Tuesday, November 27, 2012

Villagers dispute Dawei relocation claims

November 26 |  | Posted in Articles | Tags: ,
Dawei deepsea-project artistic drawing (image-ITD)
Tavoyan people in Southern Burma, who will be evicted from their homes to make way for a deep sea port and industrial zone deny claims by the project developer, the Italian-Thai Development Company, that most of the people have already been relocated out of the area.
Premchai Karnasuta, the managing director of ITD, told regional media that the relocation of residents in the project area was almost completed.
Lwin Lwin a spokesperson for the Tavoyan Voice, an alliance of community-based-groups, working to protect and promote human rights in the Dawei area told Karen News.
“Only people from two villages have been discussed for relocation. The company has only discussed the issue with the village headmen – not with the majority of the villagers. I think Tthe ITD claim is to try to persuade more international investors to join the project.”
Lwin Lwin said the developer should consult with the affected community and listen to their concerns.
“Rather than focusing on finding international investors, the Thai developers should worry about the growing community resistance to the project. Local people are saying it is not possible for ITD officials to claim that they have finished relocating people so the deep sea port and industry zone can be completed by June 2013.”
Humanitarian groups estimate that more than 30,000 people from 16 villages will be relocated from the $60billion Dawei Project. The Dawei Project plan to have a deep seaport, industry zone, a rail and highway link from Dawei to Thailand’s Kanchanaburi border.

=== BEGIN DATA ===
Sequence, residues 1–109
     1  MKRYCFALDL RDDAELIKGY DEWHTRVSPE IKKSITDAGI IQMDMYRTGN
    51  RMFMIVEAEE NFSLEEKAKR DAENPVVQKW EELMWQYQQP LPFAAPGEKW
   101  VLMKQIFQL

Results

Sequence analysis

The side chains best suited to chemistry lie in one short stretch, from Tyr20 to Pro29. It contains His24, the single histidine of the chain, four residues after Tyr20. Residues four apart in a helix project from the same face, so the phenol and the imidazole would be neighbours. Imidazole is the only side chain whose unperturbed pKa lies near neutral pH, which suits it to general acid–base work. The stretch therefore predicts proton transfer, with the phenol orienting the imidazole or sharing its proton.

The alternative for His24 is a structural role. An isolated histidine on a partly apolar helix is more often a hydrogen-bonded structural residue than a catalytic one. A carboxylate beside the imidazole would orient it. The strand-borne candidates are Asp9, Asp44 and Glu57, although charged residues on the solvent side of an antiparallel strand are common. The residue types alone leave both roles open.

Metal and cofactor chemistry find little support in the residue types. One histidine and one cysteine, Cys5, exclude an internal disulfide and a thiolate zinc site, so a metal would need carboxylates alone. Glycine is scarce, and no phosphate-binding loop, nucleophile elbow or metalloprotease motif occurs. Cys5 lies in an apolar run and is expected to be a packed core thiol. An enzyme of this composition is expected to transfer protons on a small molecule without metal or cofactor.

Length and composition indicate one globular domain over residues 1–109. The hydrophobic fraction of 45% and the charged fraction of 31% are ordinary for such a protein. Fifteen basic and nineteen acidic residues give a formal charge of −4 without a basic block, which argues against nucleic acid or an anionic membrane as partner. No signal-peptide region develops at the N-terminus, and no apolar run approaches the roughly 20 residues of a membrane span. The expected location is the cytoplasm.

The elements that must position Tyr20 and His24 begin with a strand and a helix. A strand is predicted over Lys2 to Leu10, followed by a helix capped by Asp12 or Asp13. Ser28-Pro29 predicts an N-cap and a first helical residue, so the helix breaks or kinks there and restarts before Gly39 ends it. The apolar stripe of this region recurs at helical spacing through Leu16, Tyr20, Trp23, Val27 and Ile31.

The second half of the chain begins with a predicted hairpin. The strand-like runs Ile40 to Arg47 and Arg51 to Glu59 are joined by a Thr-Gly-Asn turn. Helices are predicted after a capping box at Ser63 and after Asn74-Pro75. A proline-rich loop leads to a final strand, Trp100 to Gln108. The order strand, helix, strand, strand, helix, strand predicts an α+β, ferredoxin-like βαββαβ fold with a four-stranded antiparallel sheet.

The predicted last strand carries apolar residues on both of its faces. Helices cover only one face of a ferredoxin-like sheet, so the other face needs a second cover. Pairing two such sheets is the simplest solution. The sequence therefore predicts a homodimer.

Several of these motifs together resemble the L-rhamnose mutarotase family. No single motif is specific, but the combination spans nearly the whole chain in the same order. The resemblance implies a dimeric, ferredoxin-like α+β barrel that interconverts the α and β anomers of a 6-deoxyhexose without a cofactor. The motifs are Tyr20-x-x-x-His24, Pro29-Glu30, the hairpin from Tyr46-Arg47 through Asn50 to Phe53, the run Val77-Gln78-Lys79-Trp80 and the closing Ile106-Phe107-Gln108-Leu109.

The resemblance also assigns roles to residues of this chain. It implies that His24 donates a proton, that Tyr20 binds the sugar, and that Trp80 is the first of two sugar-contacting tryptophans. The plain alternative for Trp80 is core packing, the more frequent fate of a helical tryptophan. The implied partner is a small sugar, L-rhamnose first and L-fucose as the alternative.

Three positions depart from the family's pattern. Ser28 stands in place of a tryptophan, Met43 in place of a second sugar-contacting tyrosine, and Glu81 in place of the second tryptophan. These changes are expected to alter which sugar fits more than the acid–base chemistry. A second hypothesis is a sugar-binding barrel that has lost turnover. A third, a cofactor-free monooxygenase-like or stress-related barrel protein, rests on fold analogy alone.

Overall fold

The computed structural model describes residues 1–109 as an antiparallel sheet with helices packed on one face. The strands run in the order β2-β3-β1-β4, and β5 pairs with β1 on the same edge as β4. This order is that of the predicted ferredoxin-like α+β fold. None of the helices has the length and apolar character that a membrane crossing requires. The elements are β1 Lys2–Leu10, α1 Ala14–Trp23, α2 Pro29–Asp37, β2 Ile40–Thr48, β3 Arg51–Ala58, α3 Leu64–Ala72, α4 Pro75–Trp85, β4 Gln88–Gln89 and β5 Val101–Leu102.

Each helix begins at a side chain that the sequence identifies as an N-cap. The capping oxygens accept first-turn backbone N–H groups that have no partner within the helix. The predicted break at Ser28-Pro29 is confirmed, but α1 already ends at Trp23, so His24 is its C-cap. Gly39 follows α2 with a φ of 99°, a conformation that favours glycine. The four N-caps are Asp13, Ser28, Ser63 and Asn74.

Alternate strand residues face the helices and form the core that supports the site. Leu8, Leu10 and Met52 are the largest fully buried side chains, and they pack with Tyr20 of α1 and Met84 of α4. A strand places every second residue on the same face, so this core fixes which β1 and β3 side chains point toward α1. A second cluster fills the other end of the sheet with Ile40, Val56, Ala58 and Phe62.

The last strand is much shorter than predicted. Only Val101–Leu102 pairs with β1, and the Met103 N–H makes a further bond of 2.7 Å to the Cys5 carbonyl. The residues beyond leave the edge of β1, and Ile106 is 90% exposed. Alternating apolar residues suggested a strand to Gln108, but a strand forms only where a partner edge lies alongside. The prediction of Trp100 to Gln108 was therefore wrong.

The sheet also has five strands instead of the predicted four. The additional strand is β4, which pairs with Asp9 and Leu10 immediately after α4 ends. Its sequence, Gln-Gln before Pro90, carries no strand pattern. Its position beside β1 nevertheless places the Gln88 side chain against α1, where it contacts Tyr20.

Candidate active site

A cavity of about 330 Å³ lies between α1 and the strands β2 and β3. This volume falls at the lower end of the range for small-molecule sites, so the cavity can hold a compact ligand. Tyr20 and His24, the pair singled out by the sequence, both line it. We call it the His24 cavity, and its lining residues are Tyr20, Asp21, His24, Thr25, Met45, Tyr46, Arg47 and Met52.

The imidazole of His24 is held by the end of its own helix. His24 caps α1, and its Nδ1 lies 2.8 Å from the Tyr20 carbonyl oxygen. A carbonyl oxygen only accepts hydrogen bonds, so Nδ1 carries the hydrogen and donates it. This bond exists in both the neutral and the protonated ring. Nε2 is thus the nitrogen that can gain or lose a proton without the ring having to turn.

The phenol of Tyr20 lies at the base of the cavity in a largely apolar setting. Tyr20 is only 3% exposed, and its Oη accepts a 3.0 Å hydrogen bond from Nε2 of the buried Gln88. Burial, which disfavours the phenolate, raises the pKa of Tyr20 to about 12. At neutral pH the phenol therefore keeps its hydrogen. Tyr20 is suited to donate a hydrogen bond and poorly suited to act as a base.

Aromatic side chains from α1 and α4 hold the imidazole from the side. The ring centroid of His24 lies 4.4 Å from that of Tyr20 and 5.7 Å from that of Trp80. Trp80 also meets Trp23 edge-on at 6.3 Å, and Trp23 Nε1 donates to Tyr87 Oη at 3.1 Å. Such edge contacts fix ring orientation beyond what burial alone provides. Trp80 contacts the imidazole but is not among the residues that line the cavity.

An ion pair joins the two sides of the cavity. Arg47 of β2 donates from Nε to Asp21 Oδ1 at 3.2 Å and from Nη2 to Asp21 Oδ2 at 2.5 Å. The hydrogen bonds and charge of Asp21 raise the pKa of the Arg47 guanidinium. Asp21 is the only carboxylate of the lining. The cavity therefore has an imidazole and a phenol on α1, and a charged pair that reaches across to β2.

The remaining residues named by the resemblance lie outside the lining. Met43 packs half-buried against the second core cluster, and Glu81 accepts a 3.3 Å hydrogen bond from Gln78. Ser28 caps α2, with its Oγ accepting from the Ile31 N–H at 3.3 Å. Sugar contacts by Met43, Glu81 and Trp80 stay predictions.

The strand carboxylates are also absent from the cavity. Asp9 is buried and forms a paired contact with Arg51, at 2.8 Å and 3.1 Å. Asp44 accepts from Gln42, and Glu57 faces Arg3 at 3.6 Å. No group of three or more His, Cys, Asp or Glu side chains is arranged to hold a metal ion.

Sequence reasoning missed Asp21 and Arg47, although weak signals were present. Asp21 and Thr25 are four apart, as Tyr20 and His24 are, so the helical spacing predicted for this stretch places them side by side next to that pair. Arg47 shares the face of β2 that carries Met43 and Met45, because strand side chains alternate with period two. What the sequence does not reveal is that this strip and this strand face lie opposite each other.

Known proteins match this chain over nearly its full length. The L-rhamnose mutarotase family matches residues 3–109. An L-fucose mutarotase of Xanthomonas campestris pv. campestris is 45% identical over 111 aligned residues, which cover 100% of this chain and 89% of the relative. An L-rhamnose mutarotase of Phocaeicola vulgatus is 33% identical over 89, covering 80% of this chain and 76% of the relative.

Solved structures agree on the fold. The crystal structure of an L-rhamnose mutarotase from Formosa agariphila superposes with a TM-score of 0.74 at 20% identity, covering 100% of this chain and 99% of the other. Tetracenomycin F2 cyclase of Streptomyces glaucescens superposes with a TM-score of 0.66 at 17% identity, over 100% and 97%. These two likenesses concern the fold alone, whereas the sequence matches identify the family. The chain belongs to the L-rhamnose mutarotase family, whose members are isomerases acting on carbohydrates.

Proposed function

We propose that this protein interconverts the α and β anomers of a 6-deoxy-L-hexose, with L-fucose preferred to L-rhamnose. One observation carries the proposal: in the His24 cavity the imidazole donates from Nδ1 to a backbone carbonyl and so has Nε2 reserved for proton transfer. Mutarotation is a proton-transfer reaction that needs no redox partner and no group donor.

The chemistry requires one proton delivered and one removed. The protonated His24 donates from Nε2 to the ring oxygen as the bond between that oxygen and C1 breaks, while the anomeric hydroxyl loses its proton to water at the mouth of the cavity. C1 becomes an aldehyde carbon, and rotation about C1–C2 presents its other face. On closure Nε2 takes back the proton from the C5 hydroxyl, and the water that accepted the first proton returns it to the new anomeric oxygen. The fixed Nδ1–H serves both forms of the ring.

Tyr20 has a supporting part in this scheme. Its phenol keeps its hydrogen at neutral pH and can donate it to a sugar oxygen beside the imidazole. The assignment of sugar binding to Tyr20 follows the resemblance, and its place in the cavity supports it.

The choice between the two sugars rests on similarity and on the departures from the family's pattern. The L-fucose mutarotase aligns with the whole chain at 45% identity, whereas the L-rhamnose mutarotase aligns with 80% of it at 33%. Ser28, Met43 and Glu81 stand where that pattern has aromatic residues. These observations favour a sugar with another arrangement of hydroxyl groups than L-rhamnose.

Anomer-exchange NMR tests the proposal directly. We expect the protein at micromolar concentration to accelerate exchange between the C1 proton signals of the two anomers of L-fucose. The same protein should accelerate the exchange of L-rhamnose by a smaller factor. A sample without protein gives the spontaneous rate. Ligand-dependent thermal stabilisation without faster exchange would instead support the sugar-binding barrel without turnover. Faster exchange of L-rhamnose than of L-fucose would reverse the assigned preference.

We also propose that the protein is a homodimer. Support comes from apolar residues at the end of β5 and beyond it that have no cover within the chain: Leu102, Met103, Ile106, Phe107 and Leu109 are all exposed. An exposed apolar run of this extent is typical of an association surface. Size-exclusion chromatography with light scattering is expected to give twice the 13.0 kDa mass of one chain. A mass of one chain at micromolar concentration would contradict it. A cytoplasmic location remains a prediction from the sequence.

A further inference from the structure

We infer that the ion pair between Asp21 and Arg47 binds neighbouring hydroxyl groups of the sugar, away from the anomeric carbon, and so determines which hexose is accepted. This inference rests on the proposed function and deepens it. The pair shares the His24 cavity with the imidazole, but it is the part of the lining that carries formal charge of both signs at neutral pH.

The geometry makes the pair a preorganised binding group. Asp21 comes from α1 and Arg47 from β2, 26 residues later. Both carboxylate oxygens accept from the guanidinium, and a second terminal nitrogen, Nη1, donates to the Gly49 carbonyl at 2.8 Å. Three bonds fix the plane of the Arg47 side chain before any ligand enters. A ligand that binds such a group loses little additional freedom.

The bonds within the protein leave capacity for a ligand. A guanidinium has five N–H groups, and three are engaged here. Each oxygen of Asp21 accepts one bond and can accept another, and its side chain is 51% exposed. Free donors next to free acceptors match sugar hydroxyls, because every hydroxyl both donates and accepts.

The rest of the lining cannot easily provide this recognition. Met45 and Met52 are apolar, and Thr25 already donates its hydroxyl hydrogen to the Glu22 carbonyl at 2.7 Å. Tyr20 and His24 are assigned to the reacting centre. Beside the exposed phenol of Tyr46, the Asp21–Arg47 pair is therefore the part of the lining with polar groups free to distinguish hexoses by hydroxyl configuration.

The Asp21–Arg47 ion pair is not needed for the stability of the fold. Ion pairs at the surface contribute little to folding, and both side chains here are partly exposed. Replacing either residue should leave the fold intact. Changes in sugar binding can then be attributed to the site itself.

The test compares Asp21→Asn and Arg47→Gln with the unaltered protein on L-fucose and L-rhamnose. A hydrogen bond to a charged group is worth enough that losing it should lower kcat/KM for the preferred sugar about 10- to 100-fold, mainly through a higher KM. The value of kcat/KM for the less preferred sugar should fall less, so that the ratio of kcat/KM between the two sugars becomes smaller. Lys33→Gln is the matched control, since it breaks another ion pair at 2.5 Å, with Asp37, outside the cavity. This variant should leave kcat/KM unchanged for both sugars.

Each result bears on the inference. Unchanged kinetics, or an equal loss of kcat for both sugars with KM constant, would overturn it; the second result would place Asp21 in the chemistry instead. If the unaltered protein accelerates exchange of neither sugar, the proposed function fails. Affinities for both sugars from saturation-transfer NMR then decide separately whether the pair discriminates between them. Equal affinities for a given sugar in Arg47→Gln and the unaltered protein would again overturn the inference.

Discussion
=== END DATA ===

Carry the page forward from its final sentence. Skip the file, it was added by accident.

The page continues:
The site of the Dawei development project lies in an important culture heritage area for the indigenous Tavoyan people.
Lwin Lwin said villagers in the area say that the majority of local people have not been consulted about relocation plans. Tavoyan community based groups say villagers are reluctant to move to the planned relocation sites.
“Most of the villagers do not want to relocate. So far there are about 300 houses that have been built for relocation – this is not enough to fit even one village. The villagers said that they did not get any information from the company about its plans to compensate people for the loss of their houses or land.”
Lwin Lwin said the planned relocation is unsuitable for farming communities.
“It is in Bawah and close to the sea. This area is not suitable for villagers who make their living from agriculture as the soil is close to the sea – this is one of the main concerns for the villagers.”

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